The 21st century is the century of Africa

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Just as Latin America was a major center of opportunity in the late nineteenth and early twentieth centuries, it is possible to say that the 21st century is the century of Africa, claims economist Igor de Lucena of the Brazil Africa Institute.

In an interview with Sputnik Brasil on Wednesday, the second and last day of the Brazil Africa 2019 Forum, in São Paulo, the researcher explained why he considers it so important that Brazil and other partners know how to harness the economic potential that the African continent presents at the beginning of this century.

“Great population growth, a lack of infrastructure, but great potential in natural wealth and agricultural possibilities. If we look at the African scenario today, maybe the scenario is even better than it was in Brazil,” he said.

According to Lucena, contrary to what happened in Brazil and Latin America, when there was a major dependence on European and North American investments, today, Africa is being transformed with the help of China, through the so-called Belt and Road Initiative, and also from India.

“They are transforming the African continent with infrastructure works. Several African elites in some countries are already more interested in their children learning Mandarin than English, because the need for relationships with China should generate more profits in the long run,” he explained.

The economist pointed out that with President Donald Trump’s current US government adopting a more closed geo-economic policy, this means that Washington has no interest in making many investments outside the US, as this would represent an export of jobs. However, this strategy of investing abroad in African countries, for example, is conducted with “returning financial resources,” and Beijing knows this very well.

“In my view, where the flow of capital will be allocated, especially from the countries of the East – Japan is already included in this, because it has a much more pragmatic view – it is on the African continent,” said the expert, explaining that in addition to its full potential, Africa still offers interesting financial advantages such as low interest rates and incentives to migrate resources to the real economy for investment projects.

According to the researcher, Latin America, with all its difficulties, has sufficient Latin American capital “to solve most of our problems”, which is not yet happening in Africa.

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“Market clutter itself keeps you from creating savings. And without creating savings, how are you going to invest in what you need: new technologies, startups, product diversification? So, what’s the point? Foreign direct investment [foreign direct investment]. These resources are not migrating to speculation but to the real economy,” he continued.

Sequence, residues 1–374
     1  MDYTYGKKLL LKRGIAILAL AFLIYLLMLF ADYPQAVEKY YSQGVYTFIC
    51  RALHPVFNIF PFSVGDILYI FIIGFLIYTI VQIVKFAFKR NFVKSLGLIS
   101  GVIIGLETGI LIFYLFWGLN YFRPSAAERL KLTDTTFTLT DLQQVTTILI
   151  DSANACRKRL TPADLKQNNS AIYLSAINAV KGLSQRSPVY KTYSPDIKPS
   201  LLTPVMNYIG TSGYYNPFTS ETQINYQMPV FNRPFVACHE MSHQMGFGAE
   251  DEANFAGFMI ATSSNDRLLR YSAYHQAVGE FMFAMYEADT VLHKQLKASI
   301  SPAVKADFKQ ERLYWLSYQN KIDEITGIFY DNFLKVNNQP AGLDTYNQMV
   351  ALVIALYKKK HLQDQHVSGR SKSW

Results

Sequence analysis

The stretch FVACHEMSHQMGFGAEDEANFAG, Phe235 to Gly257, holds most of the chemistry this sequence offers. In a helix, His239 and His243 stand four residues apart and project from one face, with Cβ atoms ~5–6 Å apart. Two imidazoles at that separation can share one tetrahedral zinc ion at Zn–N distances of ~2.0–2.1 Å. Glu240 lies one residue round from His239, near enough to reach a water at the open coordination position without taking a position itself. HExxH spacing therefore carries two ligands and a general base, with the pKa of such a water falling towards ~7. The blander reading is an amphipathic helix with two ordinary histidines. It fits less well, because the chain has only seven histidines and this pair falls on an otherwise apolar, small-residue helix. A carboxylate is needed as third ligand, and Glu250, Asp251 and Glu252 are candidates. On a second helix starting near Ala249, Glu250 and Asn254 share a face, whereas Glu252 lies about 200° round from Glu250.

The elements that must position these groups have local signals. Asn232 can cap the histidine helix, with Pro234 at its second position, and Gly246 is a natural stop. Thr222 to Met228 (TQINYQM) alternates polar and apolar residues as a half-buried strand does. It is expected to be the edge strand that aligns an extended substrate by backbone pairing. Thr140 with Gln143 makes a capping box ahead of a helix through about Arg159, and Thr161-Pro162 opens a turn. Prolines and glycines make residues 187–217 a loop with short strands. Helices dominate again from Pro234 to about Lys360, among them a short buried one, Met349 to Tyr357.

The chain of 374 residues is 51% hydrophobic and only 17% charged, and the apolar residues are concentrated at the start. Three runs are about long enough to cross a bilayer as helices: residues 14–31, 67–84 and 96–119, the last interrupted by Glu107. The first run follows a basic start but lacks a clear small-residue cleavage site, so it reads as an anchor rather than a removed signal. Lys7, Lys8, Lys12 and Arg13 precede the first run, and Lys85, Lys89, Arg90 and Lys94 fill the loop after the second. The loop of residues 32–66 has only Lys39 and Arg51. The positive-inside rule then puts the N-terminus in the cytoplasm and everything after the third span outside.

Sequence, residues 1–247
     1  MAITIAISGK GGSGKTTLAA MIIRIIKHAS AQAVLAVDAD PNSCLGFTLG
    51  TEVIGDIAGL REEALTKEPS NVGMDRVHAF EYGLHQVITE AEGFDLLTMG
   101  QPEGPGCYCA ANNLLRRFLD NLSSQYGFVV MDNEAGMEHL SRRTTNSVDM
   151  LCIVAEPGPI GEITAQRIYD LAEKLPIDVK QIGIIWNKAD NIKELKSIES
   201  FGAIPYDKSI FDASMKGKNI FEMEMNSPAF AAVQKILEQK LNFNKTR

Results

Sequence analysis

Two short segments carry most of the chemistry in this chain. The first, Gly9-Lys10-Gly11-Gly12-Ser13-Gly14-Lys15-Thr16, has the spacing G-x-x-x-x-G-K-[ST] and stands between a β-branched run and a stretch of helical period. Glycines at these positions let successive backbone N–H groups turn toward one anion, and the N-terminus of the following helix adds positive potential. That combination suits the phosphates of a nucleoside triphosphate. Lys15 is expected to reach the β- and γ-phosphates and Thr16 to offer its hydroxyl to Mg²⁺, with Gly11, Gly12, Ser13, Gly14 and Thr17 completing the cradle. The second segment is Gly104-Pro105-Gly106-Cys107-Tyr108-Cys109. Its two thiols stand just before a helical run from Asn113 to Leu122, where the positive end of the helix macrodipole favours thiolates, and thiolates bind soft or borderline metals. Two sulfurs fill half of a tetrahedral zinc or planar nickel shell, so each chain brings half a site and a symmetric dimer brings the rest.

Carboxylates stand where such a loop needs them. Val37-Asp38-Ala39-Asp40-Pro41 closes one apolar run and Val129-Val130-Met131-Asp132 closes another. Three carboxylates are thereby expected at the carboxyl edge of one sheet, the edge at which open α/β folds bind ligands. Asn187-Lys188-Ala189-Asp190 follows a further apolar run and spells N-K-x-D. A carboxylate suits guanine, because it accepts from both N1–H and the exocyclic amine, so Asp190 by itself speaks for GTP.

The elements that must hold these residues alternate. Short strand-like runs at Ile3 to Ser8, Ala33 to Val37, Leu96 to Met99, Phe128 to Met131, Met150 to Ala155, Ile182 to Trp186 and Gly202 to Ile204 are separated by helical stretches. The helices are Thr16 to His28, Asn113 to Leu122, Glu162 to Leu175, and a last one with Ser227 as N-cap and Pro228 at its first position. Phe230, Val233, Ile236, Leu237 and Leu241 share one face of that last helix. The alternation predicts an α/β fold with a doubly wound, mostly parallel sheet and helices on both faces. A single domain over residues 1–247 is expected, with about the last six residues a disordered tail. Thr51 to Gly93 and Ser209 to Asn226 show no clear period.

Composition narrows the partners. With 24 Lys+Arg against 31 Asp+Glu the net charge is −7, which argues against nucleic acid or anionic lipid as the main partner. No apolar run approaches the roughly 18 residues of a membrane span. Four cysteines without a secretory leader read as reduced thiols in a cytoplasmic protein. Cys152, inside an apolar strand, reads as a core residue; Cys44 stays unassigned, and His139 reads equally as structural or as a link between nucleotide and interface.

Igor de Lucerna believes that Brazil is fully capable of being one of these major direct investors in the African economy, as it has sufficient companies and funds. What remains is to define “where to go and how to get there.”

“In the context of BRICS, Brazil is the only one that is not in there,” said the economist, indicating that agriculture can be a “gateway.”

‘Moment is more of gathering than spreading’

A the end of the Brazil Africa 2019 Forum, João Bosco Monte, president of the Brazil Africa Institute, said he was convinced of his entity’s mission to bring Brazilians and Africans closer, regardless of political actions by governments.

“We are absolutely sure that our agenda of approaching Brazilian and African interests, both at government level, private enterprise level, involved civil society, multilateral organizations, is independent of the mood of the government or governments,” he said when questioned about a possible recent decrease in the intensity of cooperation between Brazil and Africa, which, according to him, could not be perceived so far.

According to Monte, he and his partners are concerned with setting an agenda and then inviting government power, but it is free to “participate if you want to participate and if you think it is congruent with what you think.”

“I understand that the present moment is much more a moment of gathering than spreading. Our perspective, as an international organization that takes care of an approach agenda between organizations and people from Brazil and the African continent – and now, much more than which before, involving other regions – strengthens the conviction, the genesis of the Brazil Africa Institute, which is to present good practices from Brazil to Africa and from Africa to Brazil. And in the end, this turns into opportunities for those who are involved.”

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